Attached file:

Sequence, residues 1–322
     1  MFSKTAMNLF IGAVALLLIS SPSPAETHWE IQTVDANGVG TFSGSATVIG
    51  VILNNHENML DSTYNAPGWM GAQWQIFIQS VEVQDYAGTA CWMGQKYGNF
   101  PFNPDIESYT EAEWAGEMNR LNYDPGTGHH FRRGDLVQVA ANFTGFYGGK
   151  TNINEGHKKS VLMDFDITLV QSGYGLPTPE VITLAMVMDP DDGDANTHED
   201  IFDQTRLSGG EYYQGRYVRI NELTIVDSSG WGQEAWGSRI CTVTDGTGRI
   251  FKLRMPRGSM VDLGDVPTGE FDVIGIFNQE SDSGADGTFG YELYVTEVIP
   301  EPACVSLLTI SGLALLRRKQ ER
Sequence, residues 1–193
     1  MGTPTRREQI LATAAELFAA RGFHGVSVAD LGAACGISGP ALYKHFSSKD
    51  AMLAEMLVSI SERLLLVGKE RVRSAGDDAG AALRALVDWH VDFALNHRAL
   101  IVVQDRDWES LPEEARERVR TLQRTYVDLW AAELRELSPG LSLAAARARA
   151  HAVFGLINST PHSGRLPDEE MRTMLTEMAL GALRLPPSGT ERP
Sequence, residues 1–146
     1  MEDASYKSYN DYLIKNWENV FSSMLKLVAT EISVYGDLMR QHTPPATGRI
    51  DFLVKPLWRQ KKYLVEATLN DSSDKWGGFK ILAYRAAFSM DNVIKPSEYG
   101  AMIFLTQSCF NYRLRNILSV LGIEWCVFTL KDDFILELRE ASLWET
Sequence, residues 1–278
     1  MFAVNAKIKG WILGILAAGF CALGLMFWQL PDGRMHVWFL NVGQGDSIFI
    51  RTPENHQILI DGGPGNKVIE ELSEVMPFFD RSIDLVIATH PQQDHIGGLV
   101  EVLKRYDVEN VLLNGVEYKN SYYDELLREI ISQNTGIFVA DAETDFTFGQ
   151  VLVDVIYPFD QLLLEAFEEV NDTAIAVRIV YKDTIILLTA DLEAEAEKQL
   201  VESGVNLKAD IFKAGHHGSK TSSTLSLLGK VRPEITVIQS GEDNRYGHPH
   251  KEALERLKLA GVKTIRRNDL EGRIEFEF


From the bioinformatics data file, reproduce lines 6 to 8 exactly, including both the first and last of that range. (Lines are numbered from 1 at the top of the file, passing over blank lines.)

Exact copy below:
   201  IFDQTRLSGG EYYQGRYVRI NELTIVDSSG WGQEAWGSRI CTVTDGTGRI
   251  FKLRMPRGSM VDLGDVPTGE FDVIGIFNQE SDSGADGTFG YELYVTEVIP
   301  EPACVSLLTI SGLALLRRKQ ER